This is either a really nice gesture or some remarkable trolling, but we hope it was a nice gesture.
Via Sarah Huckabee Sanders, “Great moment between @JustinTrudeau and @POTUS when he gave him picture of the President’s grandfather’s hotel in Canada”:
— Sarah Sanders (@PressSec) June 9, 2018
It was more than just a hotel, however, and Trudeau had to know that, right?
Here’s the story of Friedrich’s journey from New York to the Yukon, which reads like something out of a James Michener novel. An excerpt:
After boarding a crowded ship to Alaska, Trump trekked over mountains, through Canadian customs, and to the Yukon River where he had to build a boat from scratch and transport a year’s worth of personal supplies.
The worst was a notorious mountain pass. The U.S. National Parks Service estimates 3,000 animals died on the White Pass, with many bones still visible today in its so-called Dead Horse Gulch.
“Owners whipped horses, donkeys, mules, oxen, and dogs until they dropped. The bodies were not buried or even moved,” Blair writes.
“Travellers … had no choice but to walk over the remains. As the months went by, the walls of the pass were stained dark red from the blood.”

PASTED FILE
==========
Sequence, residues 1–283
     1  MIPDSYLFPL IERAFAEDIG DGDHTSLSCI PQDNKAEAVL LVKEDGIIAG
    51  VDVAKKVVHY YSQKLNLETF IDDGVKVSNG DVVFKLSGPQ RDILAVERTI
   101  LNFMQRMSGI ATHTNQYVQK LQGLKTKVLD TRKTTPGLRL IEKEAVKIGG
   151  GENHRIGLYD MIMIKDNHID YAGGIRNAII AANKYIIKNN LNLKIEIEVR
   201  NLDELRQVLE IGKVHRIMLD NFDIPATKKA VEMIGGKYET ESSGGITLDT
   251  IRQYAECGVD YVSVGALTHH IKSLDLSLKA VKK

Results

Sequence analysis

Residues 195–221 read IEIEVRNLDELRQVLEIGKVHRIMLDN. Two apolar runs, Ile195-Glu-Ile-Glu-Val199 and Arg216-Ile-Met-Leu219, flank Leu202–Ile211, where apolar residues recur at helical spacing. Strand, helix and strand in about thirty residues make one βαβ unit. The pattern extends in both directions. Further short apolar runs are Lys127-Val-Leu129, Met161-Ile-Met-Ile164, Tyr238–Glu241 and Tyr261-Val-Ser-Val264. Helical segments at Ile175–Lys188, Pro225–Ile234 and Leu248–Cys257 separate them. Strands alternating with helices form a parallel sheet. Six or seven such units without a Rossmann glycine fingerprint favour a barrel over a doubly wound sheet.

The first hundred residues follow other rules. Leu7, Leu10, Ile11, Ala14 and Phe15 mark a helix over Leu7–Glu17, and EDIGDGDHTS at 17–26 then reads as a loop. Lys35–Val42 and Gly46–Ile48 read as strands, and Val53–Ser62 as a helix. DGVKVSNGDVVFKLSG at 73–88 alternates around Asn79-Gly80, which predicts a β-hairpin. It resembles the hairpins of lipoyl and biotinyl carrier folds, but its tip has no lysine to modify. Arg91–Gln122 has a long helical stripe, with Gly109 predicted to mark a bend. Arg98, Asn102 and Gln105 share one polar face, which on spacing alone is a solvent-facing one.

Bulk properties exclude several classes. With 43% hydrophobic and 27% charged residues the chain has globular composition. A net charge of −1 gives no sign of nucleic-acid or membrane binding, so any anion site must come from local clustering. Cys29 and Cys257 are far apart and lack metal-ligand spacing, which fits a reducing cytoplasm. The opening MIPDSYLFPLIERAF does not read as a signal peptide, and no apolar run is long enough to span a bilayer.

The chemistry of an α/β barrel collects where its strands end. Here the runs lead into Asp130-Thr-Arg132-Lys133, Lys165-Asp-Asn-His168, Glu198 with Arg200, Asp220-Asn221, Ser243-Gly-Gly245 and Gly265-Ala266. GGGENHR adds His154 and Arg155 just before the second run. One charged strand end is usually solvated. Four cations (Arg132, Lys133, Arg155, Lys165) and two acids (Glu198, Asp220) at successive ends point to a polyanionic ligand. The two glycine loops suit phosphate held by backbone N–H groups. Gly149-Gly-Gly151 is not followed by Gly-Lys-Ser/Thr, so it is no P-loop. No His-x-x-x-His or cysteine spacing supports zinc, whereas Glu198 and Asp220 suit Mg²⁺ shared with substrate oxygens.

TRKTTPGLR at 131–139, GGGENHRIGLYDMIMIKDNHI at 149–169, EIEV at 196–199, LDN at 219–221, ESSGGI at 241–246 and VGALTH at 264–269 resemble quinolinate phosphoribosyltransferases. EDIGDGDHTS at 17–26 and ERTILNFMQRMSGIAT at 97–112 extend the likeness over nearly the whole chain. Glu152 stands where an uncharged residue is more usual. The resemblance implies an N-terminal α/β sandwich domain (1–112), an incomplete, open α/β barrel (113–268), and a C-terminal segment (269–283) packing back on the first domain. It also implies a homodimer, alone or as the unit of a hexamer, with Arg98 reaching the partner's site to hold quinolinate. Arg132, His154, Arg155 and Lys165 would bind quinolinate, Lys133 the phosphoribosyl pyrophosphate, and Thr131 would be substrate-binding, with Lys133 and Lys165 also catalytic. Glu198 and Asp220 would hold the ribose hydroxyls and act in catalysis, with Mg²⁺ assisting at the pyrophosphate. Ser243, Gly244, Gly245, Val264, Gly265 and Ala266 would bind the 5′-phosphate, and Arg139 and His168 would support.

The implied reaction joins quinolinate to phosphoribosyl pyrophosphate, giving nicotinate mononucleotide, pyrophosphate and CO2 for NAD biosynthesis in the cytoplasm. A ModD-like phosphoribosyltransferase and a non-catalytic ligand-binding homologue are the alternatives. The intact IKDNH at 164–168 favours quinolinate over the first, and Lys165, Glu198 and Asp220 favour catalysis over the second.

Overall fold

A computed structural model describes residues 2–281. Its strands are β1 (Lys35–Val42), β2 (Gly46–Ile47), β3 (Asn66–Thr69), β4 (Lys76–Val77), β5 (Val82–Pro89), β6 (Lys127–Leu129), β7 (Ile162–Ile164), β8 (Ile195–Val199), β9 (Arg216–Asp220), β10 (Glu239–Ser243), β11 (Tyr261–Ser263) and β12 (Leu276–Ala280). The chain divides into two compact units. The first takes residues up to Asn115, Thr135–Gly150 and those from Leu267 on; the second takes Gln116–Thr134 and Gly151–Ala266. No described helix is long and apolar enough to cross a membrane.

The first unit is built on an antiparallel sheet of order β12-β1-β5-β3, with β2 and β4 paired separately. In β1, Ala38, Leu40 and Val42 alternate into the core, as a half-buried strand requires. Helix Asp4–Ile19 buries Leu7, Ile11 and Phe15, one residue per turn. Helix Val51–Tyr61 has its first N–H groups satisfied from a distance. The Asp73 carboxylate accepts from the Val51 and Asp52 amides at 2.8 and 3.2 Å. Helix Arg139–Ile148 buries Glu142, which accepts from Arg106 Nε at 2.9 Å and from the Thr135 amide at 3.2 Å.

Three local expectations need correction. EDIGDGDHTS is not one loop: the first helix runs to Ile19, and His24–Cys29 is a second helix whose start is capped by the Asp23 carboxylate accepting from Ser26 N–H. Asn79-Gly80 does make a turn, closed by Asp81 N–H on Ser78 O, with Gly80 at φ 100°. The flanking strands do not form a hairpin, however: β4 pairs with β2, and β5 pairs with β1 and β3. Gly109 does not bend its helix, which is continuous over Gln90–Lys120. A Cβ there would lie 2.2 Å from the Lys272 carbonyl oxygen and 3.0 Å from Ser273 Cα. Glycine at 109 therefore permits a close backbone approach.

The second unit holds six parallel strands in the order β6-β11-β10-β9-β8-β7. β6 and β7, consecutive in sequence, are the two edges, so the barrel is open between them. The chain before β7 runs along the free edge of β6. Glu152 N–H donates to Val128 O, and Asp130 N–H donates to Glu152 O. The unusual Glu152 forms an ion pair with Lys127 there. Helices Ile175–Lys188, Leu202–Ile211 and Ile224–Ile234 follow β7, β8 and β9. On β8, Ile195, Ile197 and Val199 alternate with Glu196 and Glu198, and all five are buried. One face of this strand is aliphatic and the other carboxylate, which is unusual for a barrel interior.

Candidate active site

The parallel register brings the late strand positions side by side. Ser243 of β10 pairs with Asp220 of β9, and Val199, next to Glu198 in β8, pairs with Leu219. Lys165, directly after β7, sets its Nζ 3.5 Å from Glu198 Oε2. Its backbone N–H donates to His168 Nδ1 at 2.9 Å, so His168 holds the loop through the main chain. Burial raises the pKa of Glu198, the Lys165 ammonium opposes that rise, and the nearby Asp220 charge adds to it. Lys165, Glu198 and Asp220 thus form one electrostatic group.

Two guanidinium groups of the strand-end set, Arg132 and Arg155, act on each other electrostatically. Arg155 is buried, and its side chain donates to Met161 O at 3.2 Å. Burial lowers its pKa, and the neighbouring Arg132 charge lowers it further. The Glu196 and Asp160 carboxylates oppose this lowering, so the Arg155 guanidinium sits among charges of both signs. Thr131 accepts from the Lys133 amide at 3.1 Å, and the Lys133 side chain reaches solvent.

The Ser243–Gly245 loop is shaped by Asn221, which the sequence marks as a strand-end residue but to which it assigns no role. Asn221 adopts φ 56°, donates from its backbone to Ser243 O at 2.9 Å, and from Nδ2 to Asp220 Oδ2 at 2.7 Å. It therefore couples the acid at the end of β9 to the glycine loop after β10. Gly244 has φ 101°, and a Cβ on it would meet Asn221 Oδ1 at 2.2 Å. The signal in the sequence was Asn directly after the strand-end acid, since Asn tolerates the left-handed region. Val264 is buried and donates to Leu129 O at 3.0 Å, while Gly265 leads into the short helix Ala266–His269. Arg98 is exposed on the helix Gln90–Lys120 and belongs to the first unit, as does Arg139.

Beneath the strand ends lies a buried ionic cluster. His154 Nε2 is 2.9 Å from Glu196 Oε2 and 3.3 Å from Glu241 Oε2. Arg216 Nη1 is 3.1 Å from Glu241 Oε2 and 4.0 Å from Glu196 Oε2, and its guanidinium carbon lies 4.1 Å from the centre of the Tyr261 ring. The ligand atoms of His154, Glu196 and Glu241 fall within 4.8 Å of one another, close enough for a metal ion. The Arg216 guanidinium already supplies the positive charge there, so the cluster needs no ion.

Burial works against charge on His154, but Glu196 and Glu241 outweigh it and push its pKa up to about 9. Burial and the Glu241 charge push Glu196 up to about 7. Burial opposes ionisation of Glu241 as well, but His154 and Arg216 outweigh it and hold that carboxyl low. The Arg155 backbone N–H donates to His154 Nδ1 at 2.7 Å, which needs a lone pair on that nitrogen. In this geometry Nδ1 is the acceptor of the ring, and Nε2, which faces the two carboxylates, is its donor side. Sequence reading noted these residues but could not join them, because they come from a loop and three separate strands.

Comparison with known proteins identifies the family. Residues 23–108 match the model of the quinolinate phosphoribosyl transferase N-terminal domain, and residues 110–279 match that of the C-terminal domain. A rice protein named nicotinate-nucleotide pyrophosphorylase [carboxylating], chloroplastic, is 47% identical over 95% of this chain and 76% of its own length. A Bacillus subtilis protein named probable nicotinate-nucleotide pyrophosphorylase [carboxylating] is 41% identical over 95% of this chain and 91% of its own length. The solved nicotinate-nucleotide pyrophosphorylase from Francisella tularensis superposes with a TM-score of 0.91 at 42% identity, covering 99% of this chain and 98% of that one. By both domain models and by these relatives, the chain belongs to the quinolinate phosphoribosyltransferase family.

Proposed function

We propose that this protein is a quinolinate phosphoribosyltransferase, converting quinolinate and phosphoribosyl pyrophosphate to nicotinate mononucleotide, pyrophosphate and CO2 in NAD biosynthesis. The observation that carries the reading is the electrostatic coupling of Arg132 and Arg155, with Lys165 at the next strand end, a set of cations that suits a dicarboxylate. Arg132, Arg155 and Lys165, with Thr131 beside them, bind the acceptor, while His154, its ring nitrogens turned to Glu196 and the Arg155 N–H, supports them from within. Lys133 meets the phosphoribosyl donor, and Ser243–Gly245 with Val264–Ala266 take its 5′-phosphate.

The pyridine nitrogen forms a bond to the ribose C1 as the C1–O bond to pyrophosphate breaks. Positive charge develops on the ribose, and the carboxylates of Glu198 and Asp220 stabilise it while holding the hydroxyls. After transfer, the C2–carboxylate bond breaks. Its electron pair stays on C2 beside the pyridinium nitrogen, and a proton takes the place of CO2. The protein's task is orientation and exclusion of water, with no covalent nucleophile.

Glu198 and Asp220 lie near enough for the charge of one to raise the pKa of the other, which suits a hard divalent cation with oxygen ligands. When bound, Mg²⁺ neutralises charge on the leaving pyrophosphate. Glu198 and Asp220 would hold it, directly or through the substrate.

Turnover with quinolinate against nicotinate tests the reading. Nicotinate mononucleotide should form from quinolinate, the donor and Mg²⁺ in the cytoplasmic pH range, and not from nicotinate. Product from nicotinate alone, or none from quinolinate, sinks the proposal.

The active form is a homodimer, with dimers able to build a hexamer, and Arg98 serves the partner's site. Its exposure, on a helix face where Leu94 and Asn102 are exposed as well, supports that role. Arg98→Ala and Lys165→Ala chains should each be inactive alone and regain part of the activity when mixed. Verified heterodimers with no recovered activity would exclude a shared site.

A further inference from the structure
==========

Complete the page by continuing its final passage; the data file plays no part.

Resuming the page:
Trump smelled opportunity.
He opened a canteen along the route, Blair says, where weary travellers likely stopped for a bite of Arctic roadkill. There are records for similar establishments along the route, Blair writes: “A frequent dish was fresh-slaughtered, quick-frozen horse.”
But the real money was made from the liquor and sex:
“The bulk of the cash flow came from the sale of liquor and sex,” Blair wrote. She cited newspaper ads referring obliquely to prostitution — mentioning private suites for ladies, and scales in the rooms so patrons could weigh gold if they preferred to pay for services that way.
Friedrich Trump, after making a fortune in Canada, moved back to Germany in 1901 and later to New York where the rest, as they say, is history. Via Bloomberg:
Trump was a rich man when he left Whitehorse in 1901 to return to his native Kallstadt, Germany, where he later deposited savings of 80,000 marks in the village treasury, Blair recounts. Unable to regain German citizenship, he returned to New York with his riches. That amount—equivalent in purchasing power to about half a million euros in 2014—ended up funding the Trump family’s first residential real estate investments in the New York area, later carried on by his son Fred and grandson Donald.